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Religious Laws – Part 2

Religion is often seen by many as a taboo topic to be avoided. However, it is important to remember that the many ethical and moral rules that religion teaches us affect us as people. This ongoing series aims to look at the various religious laws that surround and mould our society. In part 1, we discovered Hindu Law and this article will focus on Christian Laws.

Christian Laws

Those who refuse to obey the law are refusing to obey God and punishment will follow.”

– Romans 13: 2

Unlike Hindu law, which was discussed in the first article, there are various interpretations of Christian religious laws, so let’s have a look at each of them.

Biblical/Mosaic law

Biblical or Mosaic is based on the Sinaitic covenant between God and the Israelites. Its establishment can be found in the first five books of the Hebrew Bible – Genesis, Exodus, Leviticus, Numbers and Deuteronomy.

Biblical Summary of the Law of Moses

A thousand years after Abraham’s death, who was and is still considered The Father of Many Nations, the Jews were treated as slaves in Egypt. However, God sent a prophet called Moses to deliver His nation. After crossing the Red Sea, Moses and the people of Israel travelled in the desert and camped in front of the Mount Sinai.

On the third day of their encampment, as described in Exodus 19: 16, “there was thunder and lightning, as well as a thick cloud on the mountain, and a blast of a trumpet so loud that all the people who were in the camp trembled.”

Moses climbed to the summit of the mountain, where God entrusted him with The Ten Commandments – a new system of laws for the people in relation to worship and behaviour.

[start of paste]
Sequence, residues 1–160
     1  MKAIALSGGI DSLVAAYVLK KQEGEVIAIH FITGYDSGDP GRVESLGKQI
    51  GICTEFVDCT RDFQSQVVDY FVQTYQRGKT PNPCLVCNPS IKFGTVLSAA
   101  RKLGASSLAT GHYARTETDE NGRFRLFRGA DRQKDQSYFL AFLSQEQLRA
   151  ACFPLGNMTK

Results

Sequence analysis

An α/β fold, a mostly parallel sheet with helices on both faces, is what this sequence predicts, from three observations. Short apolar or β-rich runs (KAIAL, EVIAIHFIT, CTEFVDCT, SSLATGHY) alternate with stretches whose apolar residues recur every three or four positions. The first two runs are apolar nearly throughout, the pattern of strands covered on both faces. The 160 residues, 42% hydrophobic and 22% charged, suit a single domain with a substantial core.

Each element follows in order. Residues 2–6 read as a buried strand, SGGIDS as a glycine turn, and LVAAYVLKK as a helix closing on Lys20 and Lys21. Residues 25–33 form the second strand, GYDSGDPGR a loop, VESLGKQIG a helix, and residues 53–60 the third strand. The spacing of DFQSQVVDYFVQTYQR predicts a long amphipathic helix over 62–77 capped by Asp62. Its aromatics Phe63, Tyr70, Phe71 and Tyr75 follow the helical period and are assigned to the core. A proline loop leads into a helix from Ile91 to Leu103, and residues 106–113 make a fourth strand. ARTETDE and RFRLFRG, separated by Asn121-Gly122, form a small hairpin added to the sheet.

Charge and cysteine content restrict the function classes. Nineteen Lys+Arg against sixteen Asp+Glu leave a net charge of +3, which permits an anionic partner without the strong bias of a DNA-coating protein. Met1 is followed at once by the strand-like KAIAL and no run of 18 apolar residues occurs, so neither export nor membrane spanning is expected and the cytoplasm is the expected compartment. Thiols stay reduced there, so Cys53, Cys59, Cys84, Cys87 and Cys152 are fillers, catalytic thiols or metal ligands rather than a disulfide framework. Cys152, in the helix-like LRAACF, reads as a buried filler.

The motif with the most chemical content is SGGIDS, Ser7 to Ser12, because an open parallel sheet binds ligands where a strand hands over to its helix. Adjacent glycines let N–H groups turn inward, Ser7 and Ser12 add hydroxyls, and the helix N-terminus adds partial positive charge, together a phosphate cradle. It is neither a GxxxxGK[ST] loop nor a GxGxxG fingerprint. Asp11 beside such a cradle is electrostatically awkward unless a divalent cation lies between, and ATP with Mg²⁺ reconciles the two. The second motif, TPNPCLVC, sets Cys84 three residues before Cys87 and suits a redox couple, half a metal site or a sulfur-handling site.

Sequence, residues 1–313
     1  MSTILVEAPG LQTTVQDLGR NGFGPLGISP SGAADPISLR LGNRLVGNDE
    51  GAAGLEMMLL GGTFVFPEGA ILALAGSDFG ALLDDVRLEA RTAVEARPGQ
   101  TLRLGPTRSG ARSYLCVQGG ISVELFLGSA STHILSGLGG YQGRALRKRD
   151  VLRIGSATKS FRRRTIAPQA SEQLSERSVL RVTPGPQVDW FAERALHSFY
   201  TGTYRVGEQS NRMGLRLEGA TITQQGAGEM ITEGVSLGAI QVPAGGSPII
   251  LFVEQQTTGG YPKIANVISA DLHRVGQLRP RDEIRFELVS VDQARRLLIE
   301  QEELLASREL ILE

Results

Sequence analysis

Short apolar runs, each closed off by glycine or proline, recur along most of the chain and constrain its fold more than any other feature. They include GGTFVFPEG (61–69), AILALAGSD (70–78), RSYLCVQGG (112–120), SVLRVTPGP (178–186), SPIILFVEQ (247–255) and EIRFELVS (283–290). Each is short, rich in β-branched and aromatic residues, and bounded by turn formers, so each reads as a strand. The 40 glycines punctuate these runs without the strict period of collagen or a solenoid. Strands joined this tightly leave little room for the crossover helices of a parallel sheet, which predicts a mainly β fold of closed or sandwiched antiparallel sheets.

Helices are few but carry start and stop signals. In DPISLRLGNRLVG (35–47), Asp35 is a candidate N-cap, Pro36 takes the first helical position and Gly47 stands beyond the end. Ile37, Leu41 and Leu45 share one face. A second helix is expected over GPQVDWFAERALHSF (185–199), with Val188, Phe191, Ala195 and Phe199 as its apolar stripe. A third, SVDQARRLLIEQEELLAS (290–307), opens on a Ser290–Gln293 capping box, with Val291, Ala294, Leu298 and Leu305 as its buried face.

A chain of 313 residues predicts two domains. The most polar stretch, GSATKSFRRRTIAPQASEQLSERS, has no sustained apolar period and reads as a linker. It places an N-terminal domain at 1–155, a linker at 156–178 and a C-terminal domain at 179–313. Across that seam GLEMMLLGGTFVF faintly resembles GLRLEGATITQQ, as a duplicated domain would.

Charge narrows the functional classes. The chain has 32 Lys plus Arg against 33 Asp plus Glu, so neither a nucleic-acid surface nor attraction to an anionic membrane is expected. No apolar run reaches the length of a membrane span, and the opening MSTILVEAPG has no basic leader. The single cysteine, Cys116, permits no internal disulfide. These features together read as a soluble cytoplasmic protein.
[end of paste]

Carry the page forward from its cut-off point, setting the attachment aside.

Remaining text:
Then, God Himself appeared to His people, detailing the Ten Commandments thusly:

  • I am the Lord, your God, who brought you out of Egypt and out of the land of slavery. You shall have no other gods before me.
  • You shall not make for yourself an image in the form of anything in heaven above or on the earth beneath or in the waters below. You shall neither bow down nor worship them, for I am a jealous God, punishing the children for the parents’ sin to the third and fourth generation of those who hate me but showing love to a thousand generations of those who love me and keep my commandments.
  • You shall not misuse the name of the Lord your God, for I will not hold anyone guiltless who misuses my name.
  • Remember the Sabbath day by keeping it holy. You shall labour for six days but the seventh day is a sabbath when you shall not do any work, neither you, nor your son or daughter, nor your male or female servant.
  • Honour your father and your mother, so that you may live long in the land the Lord your God is giving you.
  • You shall not murder.
  • You shall not commit adultery.
  • You shall not steal.
  • You shall not give false testimony against your neighbour.
  • You shall not covet anything that belongs to your neighbour.

The New Covenant

The New Covenant was brought about when Jesus died for our sins, breaking the chains that used to bind us and set us free. The New Covenant represents a new relationship with God, mediated by Jesus Christ upon our acceptance of Him as our saviour and king.

Under the Old Covenant, people were bound by the curse of Adam and Eve’s sin and sacrifices had to be offered for several purposes such as for the atonement of sin or to give thanks to God. However, the New Covenant is a gracious one where the death and resurrection of Christ purified us, and we received the full forgiveness of sins.

And as claimed in Romans 6: 14, “For sin shall no longer be your master because you are not under the law, but under grace.”

The Christian laws are interpreted differently by different Christian denominations. Those who still believe in the Old Covenant are the legalists while those who believe in grace rather than law are called antinomians. What are your views? Please share your comments!

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